The main solution to reduce radar visibility is internal carriage of weapons.The shape of the airframe must be selected to reduce the number of directions in which electro-magnetic waves are reflected, and to ensure these directions are the safest. SU-57 has canted and mostly serrated surfaces to redirect radar energy. It’s smoother and more streamlined with less discontinuities. The F-18, with the exception of the v-tails, and intakes has no other canted surfaces, there are no trapezoid style shaping in the wings or bays and its full of discontent.
The NO36 radar arrays are deflected from the vertical plane, thus deflecting the enemy radar’s radiation aside. The domes of the arrays are selective, they let their own signal pass through and block other frequencies. In addition, the compartments for these arrays feature RAM coatings on their edges to absorb ‘freak waves’ (which occur when a wave is amplified after multiple reflections within an enclosed space).
It is impossible for an F-18 to ever match the RCS of the SU-57.
bitcointrader70 wrote:It’s not just Su-57 being less stealthy than F-35 (-40 dBsm) – it has a 1,000 times bigger RCS. Since detection range is proportional to the 4th root of RCS, a 1,000 times bigger RCS equates to 5.6 times greater detection range. And this is after giving Su-57 every benefit of doubt, the F-35’s RCS is very likely closer to -50 dB.
Having an RCS of -40 dBsm at a narrow angle is useless:
The slightest change in the position of the radar relative to the aircraft would change the RCS tens or even hundreds of times.
The average RCS is much larger:
bitcointrader70 wrote:The F-35 has a bigger and much more capable radar and orders of magnitude more powerful EW suite giving vastly superior Situational Awareness.
The Su-35's radar has a range against air targets of up to 350km and a sector of vision in azimuth is ± 120°.
In comparison, the APG-81 has a range of up to 160km and an azimuth vision sector of ±60°. And this gap will certainly be even bigger when compared to the Su-57's radar.
and in terms of EW there is nothing the F-35 does that the flankers already do with their electronic warfare pods.
Where F-35’s DAS make it the only Fighter to fully operate in the IR spectrum
About the Su-35:
"the I-222 optoelectronic reconnaissance system developed by NPK SPP provides detection of air targets by INFRARED radiation with selection of missiles attacking the aircraft, as well as aircraft laser irradiation detection..."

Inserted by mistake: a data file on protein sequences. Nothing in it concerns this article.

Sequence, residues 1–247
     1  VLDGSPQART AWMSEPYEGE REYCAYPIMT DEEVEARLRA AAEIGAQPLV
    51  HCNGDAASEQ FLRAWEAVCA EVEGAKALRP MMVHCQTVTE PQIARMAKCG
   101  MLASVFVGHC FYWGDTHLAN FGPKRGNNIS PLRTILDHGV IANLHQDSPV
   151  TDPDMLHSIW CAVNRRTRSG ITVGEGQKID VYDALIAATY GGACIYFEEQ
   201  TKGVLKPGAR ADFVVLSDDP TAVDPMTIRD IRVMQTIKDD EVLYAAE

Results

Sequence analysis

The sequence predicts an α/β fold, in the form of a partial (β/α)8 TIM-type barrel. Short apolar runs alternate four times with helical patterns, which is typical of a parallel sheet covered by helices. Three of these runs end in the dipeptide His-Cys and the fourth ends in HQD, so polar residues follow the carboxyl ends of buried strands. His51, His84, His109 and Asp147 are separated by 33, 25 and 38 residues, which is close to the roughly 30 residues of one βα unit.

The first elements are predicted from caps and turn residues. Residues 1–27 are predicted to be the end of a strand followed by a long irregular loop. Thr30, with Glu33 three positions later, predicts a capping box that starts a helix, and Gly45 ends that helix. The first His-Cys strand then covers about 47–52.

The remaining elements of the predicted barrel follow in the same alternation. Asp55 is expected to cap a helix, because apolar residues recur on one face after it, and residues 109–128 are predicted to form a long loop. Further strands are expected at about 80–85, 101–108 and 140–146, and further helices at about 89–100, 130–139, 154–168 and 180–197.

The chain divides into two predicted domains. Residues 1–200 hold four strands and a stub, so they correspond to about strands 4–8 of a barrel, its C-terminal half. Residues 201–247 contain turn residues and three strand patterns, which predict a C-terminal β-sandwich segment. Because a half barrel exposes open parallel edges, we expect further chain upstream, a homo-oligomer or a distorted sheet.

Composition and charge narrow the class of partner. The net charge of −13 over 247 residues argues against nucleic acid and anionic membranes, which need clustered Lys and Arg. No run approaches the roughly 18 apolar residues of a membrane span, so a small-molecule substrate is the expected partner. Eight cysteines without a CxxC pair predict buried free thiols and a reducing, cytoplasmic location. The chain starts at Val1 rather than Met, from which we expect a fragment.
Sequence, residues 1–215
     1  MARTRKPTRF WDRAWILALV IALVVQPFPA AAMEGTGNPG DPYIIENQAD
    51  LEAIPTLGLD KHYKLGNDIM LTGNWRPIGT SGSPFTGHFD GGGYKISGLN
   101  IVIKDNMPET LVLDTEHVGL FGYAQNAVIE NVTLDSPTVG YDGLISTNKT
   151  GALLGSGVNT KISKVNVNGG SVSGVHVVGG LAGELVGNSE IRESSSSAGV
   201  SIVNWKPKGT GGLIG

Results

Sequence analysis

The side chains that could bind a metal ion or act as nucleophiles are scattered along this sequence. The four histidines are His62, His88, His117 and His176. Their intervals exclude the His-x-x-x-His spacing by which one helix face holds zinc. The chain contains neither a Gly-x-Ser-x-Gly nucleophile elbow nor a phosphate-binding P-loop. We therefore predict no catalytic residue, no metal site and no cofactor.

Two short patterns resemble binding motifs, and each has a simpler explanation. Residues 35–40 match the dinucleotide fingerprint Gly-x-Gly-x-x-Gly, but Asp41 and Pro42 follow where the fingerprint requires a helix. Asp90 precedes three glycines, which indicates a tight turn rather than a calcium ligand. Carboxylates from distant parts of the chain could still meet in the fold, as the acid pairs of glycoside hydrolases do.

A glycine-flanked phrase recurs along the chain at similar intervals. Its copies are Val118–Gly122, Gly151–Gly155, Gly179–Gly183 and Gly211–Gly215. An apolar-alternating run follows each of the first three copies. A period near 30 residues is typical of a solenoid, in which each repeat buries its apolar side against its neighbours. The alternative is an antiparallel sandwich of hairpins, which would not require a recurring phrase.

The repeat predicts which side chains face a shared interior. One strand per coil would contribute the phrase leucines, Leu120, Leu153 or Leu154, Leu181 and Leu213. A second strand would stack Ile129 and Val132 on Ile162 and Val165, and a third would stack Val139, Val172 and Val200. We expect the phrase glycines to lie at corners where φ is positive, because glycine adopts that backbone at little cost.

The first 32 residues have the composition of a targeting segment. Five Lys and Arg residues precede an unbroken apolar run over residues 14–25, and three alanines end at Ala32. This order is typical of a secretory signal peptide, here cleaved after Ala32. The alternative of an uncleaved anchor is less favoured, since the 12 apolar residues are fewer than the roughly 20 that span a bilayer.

bitcointrader70 wrote:while turning a blind eye to the fact Su-57 use a UV based Missile Warning System – making Su-57 significantly vulnerable to BVR missiles.
And you are turning a blind eye to the advantages of using the UV sensor.
The MAWS sensors that operate in the ultraviolet spectrum (from 0.2 to 0.5 microns) are used to detect the emissions from the burning of the engine jets, taking advantage of the fact that the ozone layer filters the ultraviolet energy from the sun. This means that few natural sources could give false alerts like welders, halogen lamps, fires and sparks. The ultraviolet spectrum also penetrates battlefield smoke, contributing to its efficient use in detecting missile launches.
Another advantage is that they are small and do not need refrigeration.
bitcointrader70 wrote:forcing Su-57 to fly with R-77, R-74 externally (as they won’t fit inside).
doesn't fit inside?!
The Su-57 has two tandem main internal weapon bays each approximately 4.4 m (14.4 ft) long and 0.9 m (3.0 ft) wide, the R-77 has a length of 3.6m, a diameter of 200mm and a wingspan of 350mm, the Su-57 can carry a minimum of 4 R-77s internally.
of non-existent L band radar.
Unfortunately for you it exists, and it will give the Su-57 capabilities that F-35 pilots can't even dream of.
Search, track and missile midcourse guidance against low signature aircraft.
Identification Friend Foe / Secondary Surveillance Radar.
Passive angle tracking and geolocation of JTIDS/MIDS/Link-16 emitters at long ranges.
Passive angle tracking and geolocation of L-band AEW&C/AWACS and surface based search radars at long ranges.
Passive angle tracking and geolocation of hostile (i.e. Western) IFF and SSR transponders at long ranges.
High power active jamming of JTIDS/MIDS/Link-16 emitters.
High power active jamming of satellite navigation receivers over large areas.
High power active jamming of L-band AEW&C/AWACS and surface based search radars at long ranges.
High power active jamming of guided munition command datalinks over large areas.